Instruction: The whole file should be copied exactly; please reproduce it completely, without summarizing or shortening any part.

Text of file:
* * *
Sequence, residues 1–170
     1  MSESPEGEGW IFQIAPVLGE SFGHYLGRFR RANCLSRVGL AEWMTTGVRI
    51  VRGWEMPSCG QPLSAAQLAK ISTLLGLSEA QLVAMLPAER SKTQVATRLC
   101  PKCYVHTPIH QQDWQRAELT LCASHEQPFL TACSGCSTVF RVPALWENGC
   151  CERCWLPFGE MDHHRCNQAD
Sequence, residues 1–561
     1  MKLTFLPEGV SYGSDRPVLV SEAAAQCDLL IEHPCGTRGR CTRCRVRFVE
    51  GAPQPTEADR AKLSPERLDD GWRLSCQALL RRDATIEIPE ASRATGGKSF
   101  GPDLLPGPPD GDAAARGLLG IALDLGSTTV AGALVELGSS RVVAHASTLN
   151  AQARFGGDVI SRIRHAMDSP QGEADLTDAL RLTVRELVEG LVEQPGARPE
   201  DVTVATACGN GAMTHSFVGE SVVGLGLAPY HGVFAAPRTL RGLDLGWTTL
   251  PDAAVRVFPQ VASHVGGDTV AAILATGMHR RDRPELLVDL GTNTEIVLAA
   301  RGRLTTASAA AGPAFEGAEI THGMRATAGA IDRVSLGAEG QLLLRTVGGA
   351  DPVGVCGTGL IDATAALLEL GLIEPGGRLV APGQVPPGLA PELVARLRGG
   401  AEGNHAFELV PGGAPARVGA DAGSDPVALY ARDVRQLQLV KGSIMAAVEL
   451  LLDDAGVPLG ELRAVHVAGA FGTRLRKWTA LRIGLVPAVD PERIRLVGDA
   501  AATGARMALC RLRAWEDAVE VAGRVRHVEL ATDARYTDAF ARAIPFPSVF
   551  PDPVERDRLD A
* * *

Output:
Sequence, residues 1–170
     1  MSESPEGEGW IFQIAPVLGE SFGHYLGRFR RANCLSRVGL AEWMTTGVRI
    51  VRGWEMPSCG QPLSAAQLAK ISTLLGLSEA QLVAMLPAER SKTQVATRLC
   101  PKCYVHTPIH QQDWQRAELT LCASHEQPFL TACSGCSTVF RVPALWENGC
   151  CERCWLPFGE MDHHRCNQAD
Sequence, residues 1–561
     1  MKLTFLPEGV SYGSDRPVLV SEAAAQCDLL IEHPCGTRGR CTRCRVRFVE
    51  GAPQPTEADR AKLSPERLDD GWRLSCQALL RRDATIEIPE ASRATGGKSF
   101  GPDLLPGPPD GDAAARGLLG IALDLGSTTV AGALVELGSS RVVAHASTLN
   151  AQARFGGDVI SRIRHAMDSP QGEADLTDAL RLTVRELVEG LVEQPGARPE
   201  DVTVATACGN GAMTHSFVGE SVVGLGLAPY HGVFAAPRTL RGLDLGWTTL
   251  PDAAVRVFPQ VASHVGGDTV AAILATGMHR RDRPELLVDL GTNTEIVLAA
   301  RGRLTTASAA AGPAFEGAEI THGMRATAGA IDRVSLGAEG QLLLRTVGGA
   351  DPVGVCGTGL IDATAALLEL GLIEPGGRLV APGQVPPGLA PELVARLRGG
   401  AEGNHAFELV PGGAPARVGA DAGSDPVALY ARDVRQLQLV KGSIMAAVEL
   451  LLDDAGVPLG ELRAVHVAGA FGTRLRKWTA LRIGLVPAVD PERIRLVGDA
   501  AATGARMALC RLRAWEDAVE VAGRVRHVEL ATDARYTDAF ARAIPFPSVF
   551  PDPVERDRLD A